Originally posted March 7, 2011. Last updated September 4, 2018.
My Fair Lady (cast/soundtrack)
Alan Jay Lerner/ Frederick Loewe (composers)
Opened on Broadway: March 15, 1956
Cast Album Charted: April 28, 1956
Soundtrack Charted: October 10, 1964
Sales (in millions):
Quotable: “The most perfect stage musical ever” – Colin Larkin, Virgin All-Time Top 1000 Albums
My Fair Lady is “the crowning achievement” AZ for lyricist Alan Jay Lerner and composer Frederick Loewe. In fact, some consider it to be “the most perfect stage musical ever.” CL “It boasts a magnificent score…witty, intelligent, beautiful, and romantic.” NRR This is “a collection of performances that long ago became a ubiquitous and indispensable fixture of American musical theater.” AZ
Frederick Loewe and Alan Jay Lerner
After several productions in the 1940s, Lerner and Loewe first tasted major Broadway success with 1947’s Brigadoon. They next worked together on 1951’s Paint Your Wagon before adapting George Bernard Shaw’s Pygmalion into My Fair Lady. It was a story about “the mythic Greek figure who falls in love with his sculpture.” TM In My Fair Lady, the story focuses on “the relationship between an elocutionist” R-C and “pre-World War I London flower girl Eliza Doolittle, who aspires to a better accent and the social advantages that will come with it.” R-S
The show opened on Broadway on March 15, 1956. It ran for 2717 performances, closing on September 29, 1962. It had what was then the longest run in history for a major musical. W-M The production has been called “the perfect musical.” W-M
Julie Andrews was a “twenty-year-old revelation” ZS as “the fairest of all ladies,” ZS making the “loverly…score soar” ZS with her “glorious voice and emotional range.” ZS Rex Harrison is “effortlessly charming” ZS in his recreation of the stage role as “Professor Henry Higgins (he had also appeared in the film adaptation of…Pygmalion.” R-S He “enjoys every wink of his ironies: When he describes himself, in I’m an Ordinary Man, his exaggerated demeanor suggests his character is anything but ordinary. That Harrison caught this specific dynamic so early in what became a historic extended run is remarkable.” TM
“The show yielded an astounding number of songs that became standards, including the luminous I Could Have Danced All Night and I’ve Grown Accustomed to Her Face.” TM Among the other gems in this “embarrassment of riches,” AZ including The Rain in Spain, Wouldn’t It Be Loverly, Why Can’t the English?, and On the Street Where You Live.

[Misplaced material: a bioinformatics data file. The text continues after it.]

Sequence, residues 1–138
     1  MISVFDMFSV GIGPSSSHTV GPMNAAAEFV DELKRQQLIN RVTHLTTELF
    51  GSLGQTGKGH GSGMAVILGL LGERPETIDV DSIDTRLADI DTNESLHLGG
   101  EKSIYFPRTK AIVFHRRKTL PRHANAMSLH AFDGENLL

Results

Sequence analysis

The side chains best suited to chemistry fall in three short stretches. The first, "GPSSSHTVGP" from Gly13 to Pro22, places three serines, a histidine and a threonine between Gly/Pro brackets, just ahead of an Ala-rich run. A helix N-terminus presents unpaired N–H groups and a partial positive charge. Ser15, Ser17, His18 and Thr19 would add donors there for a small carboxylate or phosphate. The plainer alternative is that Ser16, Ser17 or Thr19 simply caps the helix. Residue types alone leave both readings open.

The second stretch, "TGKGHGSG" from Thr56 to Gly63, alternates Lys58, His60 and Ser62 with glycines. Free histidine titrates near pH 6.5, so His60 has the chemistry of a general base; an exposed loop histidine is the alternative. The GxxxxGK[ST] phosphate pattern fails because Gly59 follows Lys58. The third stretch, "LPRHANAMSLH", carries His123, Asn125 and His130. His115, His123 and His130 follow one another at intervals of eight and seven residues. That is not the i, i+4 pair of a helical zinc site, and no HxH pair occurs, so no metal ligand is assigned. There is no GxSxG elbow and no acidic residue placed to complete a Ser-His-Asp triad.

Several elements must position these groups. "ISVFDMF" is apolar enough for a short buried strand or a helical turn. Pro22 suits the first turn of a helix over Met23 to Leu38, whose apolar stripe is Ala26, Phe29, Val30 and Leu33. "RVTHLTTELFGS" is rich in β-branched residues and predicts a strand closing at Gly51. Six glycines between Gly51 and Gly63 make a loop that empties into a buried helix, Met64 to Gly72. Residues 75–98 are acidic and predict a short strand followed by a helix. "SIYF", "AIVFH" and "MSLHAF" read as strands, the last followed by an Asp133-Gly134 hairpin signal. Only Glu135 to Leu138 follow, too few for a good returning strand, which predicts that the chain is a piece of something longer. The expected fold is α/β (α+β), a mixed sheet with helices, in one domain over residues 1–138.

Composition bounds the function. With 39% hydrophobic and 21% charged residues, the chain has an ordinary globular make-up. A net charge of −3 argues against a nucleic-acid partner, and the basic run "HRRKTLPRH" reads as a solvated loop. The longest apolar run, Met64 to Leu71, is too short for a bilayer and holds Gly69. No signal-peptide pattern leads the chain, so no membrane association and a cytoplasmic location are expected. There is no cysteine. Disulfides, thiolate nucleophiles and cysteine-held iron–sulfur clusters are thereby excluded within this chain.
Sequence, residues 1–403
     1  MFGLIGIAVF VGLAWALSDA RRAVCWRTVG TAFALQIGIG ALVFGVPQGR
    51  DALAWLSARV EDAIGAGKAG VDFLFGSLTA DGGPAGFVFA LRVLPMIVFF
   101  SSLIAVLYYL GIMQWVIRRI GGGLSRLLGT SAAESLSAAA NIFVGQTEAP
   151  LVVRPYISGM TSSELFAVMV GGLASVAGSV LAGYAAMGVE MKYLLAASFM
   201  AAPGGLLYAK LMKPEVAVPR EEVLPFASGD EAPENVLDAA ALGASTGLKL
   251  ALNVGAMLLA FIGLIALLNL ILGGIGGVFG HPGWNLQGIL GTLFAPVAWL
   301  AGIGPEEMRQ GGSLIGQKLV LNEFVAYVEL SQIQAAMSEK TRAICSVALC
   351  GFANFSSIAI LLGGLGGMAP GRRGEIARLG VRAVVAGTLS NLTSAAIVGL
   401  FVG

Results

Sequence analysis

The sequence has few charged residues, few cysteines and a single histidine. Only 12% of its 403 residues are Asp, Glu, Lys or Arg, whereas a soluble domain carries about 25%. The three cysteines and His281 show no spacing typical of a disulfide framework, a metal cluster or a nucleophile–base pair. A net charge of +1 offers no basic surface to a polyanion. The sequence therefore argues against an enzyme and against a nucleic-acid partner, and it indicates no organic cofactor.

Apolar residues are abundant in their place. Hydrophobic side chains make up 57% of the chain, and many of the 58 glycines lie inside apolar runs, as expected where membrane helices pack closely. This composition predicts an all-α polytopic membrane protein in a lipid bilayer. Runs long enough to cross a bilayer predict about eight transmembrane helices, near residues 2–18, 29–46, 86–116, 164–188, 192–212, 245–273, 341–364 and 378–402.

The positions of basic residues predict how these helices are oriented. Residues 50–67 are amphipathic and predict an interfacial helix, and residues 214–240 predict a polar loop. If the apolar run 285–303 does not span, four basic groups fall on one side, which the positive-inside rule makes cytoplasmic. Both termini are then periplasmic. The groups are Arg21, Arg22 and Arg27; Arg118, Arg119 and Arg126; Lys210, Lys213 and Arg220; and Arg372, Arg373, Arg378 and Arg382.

As was common in the 1950s, the cast album “was recorded in one marathon fourteen-hour session on March 25, 1956.” TM “Producers tried to schedule the sessions as close to the opening of the musical as possible, thinking that the nuances of the work would be fresh in the performers’ minds.” TM This sometimes backfired, but here Harrison and Andrews “are beyond lively… and the supporting cast – which, as was often the case with Lerner and Loewe, got the meatiest songs – positively sparkles.” TM
“The recording established a new relationship between Broadway productions and record companies; the album’s critical success and popularity with the public were unrivaled at the time of its release.” NRR The cast album spent fifteen weeks atop the Billboard album chart, making it one of the biggest #1 albums in U.S. chart history. What’s incredible, however, is that those chart-topping weeks were spread out over four years time. Billboard magazine named it album of the year – in 1957 and 1958.
For the film version, Harrison and Holloway were back, but since they were making their third recordings of the score, they didn’t have much to add…The result was an acceptable recording that did not surpass the Broadway or London cast albums.” R-S However, despite starring in the Broadway and London stage productions, Julie Andrews was deemed “not enough of a star to carry the movie. (Embarrassingly, by the time the movie opened, Mary Poppins had made her more than enough of a star to do so.) Instead, Audrey Hepburn stepped into the role.” R-S
Hepburn’s singing voice was dubbed by Marni Nixon, who “was an accomplished Hollywood voice ghost, having previously sung for Deborah Kerr in The King and I, Natalie Wood in West Side Story, and Rosalind Russell in Gypsy.” R-S She “was fine…lacked the flair that Andrews would have given it.” R-S
A “1965 Best Picture Oscar capped the show’s decade of prominence.” AZ
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